Fifth Varshavyanka submarine joins Russia’s NavyMilitary & Defense October 26, 12:11
Russian Baltic Fleet frigate arrives in Cuba on visitMilitary & Defense October 26, 11:57
Air Defense drills involving various aircraft kick off in four CIS statesMilitary & Defense October 26, 11:34
MP Savchenko arrives in Moscow to attend hearing on Ukrainian nationalistsWorld October 26, 11:03
Bulgaria and Russia sign agreement to settle debt on Belene NPP project — ministerBusiness & Economy October 26, 10:38
Russia honored all commitments on S-300 supplies to Tehran — ambassadorWorld October 26, 9:04
Kyrgyz president signs decree on government’s resignationWorld October 26, 8:47
Display of rare impressionist masterpieces from Russian collector wows Parisian art loversSociety & Culture October 26, 8:46
Russia ready to resume humanitarian pauses in AleppoWorld October 26, 7:42
NIZHNY NOVGOROD, December 06, 4:32 /ITAR-TASS/. Russia destroys its stockpiles of chemical weapons in strict compliance with the schedule and even ahead of it, the Federal Department for Safe Storage and Disposal of Chemical Weapons said.
“In the outgoing year the Russian Federation has destroyed almost 3,000 tonnes of sarin, soman and VX agents a month ahead of the schedule,” the Department’s Head Valery Kapashin told ITAR-TASS on Thursday, December 5.
Chemical weapons were destroyed at four plants in 2013: Maradykovsky, Leonidovka, Shchuchye, and Pochep in the Kirov, Penza, Kurgan, and Bryansk regions, respectively. The facilities at Gorny in the Saratov region and Kambarka in Udmurtia had disposed of all stockpiles earlier.
The last, seventh, Russian chemical weapons disposal facility in Kizner is under construction and its first phase is to be commissioned on December 19. The remaining facility in Kizner will be commissioned using the same pattern.
The Maradykovsky plant in the Kirov region has started destroying the last stockpiles of toxic agents. About 1,900 pieces of ammunition containing 13 tonnes of toxic agents have been stored at the plant since the middle of the 20th century.
Up to date, the Maradykovsky plant has destroyed more than 98 percent of chemical weapons. It uses specially designed equipment to destroy complex ammunition. Such equipment was first used about a year ago at another chemical weapon disposal facility in Leonidovka, Penza region in central Russia.
The remaining ammunition will be disposed of by the end of 2015. Once all stocks of chemical weapons have been disposed of, the plant will be converted to other uses.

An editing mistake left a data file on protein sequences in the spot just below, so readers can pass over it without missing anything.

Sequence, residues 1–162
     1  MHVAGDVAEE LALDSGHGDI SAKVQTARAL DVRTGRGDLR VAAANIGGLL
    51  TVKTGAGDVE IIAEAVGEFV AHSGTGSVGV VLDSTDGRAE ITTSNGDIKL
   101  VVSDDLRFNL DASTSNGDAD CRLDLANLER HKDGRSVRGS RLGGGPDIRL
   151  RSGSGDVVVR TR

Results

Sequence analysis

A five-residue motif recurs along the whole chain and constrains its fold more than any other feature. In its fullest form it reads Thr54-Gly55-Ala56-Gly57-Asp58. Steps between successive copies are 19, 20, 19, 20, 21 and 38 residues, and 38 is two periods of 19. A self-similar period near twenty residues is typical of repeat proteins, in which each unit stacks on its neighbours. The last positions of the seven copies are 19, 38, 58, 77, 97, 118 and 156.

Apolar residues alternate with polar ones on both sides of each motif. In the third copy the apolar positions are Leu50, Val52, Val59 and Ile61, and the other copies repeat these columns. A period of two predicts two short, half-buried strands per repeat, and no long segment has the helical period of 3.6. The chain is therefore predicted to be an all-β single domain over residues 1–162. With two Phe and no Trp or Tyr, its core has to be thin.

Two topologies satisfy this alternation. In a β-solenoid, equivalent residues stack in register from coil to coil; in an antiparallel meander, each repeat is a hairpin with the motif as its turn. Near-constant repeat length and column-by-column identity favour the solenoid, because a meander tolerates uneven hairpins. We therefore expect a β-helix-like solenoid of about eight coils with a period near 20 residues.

The plant, where more than 40,000 aerial bombs and missile warheads were stored since 1953, had finished destroying 232.6 tonnes of sarin and more than 150 tonnes of yperite-lewisite mixtures by the star of this year. It had destroyed over 90 percent of 4.5 tonnes of VX ammunition and is disposing of soman, one of the most dangerous nerve agents. Of 1,972.1 tonnes of this chemical agent, 864.5 tonnes had been destroyed.
Maradykovsky is the third Russian facility that began full-scale disposal of chemical weapons in September 2006, and the second-largest by the amount of toxic agents stored in it. Over 40,000 aerial bombs and warheads stuffed with mixtures of toxic agents had been stored in its arsenals since 1953.
Under the relevant federal programme, Russia has to dispose of all chemical weapons by December 31, 2015. During the first stage, 400 tonnes of poison substances were eliminated by April 29, 2003, which made up 1 percent of Russia's chemical weapons (40,000 tonnes). In the course of Phase Two, Russia disposed of 8,000 tonnes of chemical weapons.
The chemical weapons disposal plant in Gorny, Saratov region, was the first Russian facility to start disposing of toxic agents in December 2002. In 2005, it finished disposing of more than 1,143 tonnes of yperite, lewisite and their mixtures.
In 2010, the reaction masses left after the disposal of more than 130 tonnes of yperite were burnt. Fifty-five tonnes of solid and 9 tonnes of liquid waste remaining after the disposal of lewisite were recycled.
The authorities said the plant in Gorny would be decommissioned by 2017 and converted into a fully state-owned federal enterprise in order to ensure better state control over the use of products resulting from the recycling of toxic agents, keep employment in the area and generate tax revenues.
The facility will be put out of service in the next two years. It will take another three years to convert it to new uses. During this time, its employees will keep their jobs.
The bulk of the decommissioning work would be done by specialists from a company to be selected through a tender. Currently, three companies are seeking the contract.
The Pochep site in the Bryansk region stored over 7,500 tonnes of nerve gases and plaid a special role in the final stage of the federal chemical disarmament programme. The site contained almost 19 percent of Russia's war gases. All of them were disposed of within the period of time prescribed in the Hague Convention.
The facility in the village of Leonidovka is also involved in the implementation of the programme. Another facility is in the town of Shchuchye, Kurgan region.
The final stage of the programme envisions the destruction of 100 percent of chemical weapons by the end of 2015. The plants in the town of Pochep, Bryansk region, and the town of Kizner, Udmurtia, will take part in the implementation of this stage.
Up to date, Russia has destroyed more than 31,973 tonnes of toxic agents, which makes up 77.5 percent of the total of 40,000 tonnes reported when acceding to the Chemical Weapons Convention in 1997.